Another cool manufacturer I discovered recently, who also use colour to highlight their panels are Sonic Portions. In the case of their new Malaclypse module, the octopus graphic looking almost like an Indian deity, again tying it closer to the Mutable products.
Update 01/08/2017: It’s been brought to my attention via Facebook that Papernoise is in fact responsible for working on the Mutable and Sonic Portion designs, and indeed Mutable mention them and their designer Hannes on the Muff Wigglers post. They also do album art, posters, software and more. Thanks to Nonlinear Circuits for pointing this out.
More Modern Modular Beauties
QU-Bit Electronix and Audio Damage also make some simple yet beautifully executed modules, the QU-Bit taking on a somewhat minimal design, whilst the Audio Damage is more compact and graphic heavy. Like the Mutable and Sonic examples above, shading is employed over some of the jacks to separate them from others, such as outputs.
The English are known more for being reserved, but some of the British synth offerings are the wildest around.
The inspiration of the Wasp is pretty clear. The black and yellow colours of a wasp, and lots of it including all over the conductive keyboard. It made for both one of the ugliest and retrospectively cool pieces of gear around. The Wasp filter sounded as distinct as it looked, and has since been cloned including by Doepfer (including an edition with the same colours) and Random Source Haible.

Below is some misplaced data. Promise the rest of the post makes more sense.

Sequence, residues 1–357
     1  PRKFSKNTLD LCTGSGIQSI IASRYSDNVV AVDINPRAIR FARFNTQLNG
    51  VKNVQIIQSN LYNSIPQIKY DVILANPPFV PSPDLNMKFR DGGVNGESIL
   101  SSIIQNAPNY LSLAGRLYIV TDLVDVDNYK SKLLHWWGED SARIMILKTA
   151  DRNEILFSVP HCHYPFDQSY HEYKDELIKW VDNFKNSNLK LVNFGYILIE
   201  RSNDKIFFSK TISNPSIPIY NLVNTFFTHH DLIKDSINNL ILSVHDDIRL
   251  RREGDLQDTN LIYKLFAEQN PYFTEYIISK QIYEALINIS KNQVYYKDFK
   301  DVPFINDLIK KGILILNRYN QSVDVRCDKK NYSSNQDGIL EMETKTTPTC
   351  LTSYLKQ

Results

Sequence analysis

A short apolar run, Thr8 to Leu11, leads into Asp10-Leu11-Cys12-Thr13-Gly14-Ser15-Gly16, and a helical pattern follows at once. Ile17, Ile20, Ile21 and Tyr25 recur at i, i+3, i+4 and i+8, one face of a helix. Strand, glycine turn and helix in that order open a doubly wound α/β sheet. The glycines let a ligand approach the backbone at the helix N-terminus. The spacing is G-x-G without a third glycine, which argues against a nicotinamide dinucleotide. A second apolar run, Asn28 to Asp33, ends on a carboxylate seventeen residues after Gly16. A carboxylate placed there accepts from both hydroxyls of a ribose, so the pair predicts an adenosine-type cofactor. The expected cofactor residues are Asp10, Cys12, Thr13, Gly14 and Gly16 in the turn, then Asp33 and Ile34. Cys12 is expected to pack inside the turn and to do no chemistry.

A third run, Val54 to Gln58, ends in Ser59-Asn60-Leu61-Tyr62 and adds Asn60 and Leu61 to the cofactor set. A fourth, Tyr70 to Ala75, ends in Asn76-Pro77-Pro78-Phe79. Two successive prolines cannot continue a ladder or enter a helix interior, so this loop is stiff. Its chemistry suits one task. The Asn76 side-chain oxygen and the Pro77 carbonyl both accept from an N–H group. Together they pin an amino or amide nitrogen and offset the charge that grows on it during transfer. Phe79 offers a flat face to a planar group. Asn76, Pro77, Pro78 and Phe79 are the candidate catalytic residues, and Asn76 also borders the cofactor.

The other crazy looking synth was the OSCar. Not so much for it’s colours, although the beige was an odd choice, but the dividers separating parts of the synth, and large text in case your ever forgot what you were playing. Like the Wasp the OSCar ended up as a splendidly ugly yet desirable synth.
Another unique English synthesizer was the EMS Synthi range, with it’s battleship game style modular pin routing system. But what strikes me about it was the scientific looking knobs, which set it apart from it’s American and Japanese counterparts.
The mark of the EMS design can be seen today in the Scottish Macbeth Elements, from the grey panel to the unique knobs, and even the touch keyboard from the Wasp and EMS synths.
I’ll finish off with a mention of graphic styling used to group functions, like an oscillator section or the filter. The first example is the renowned ARP 2600.
This as also common in other synths of the era, such as one of my personal faves, the Oberheim SEM (the curved borders were copied over to the early millennial Oberheim/Viscount OB12 Italian VA), and later the famous Roland Jupiter 8 which used brilliantly coloured pushbuttons.
I could keep going forever here, from the unique blue stripes of the Oberheims, to the unique ARP orange on black markings, and the silver Roland TB-303, there’s been plenty of synthesizers that have left their visual mark on me. Using all this inspiration I’m excited to see what I come up with for my custom synthesizer.
Lastly, in addition to Push Turn Move, I also suggest picking up a copy of R is for Roland. This book features great photos of some of Roland’s best work, and is an excellent source of inspiration for any designer.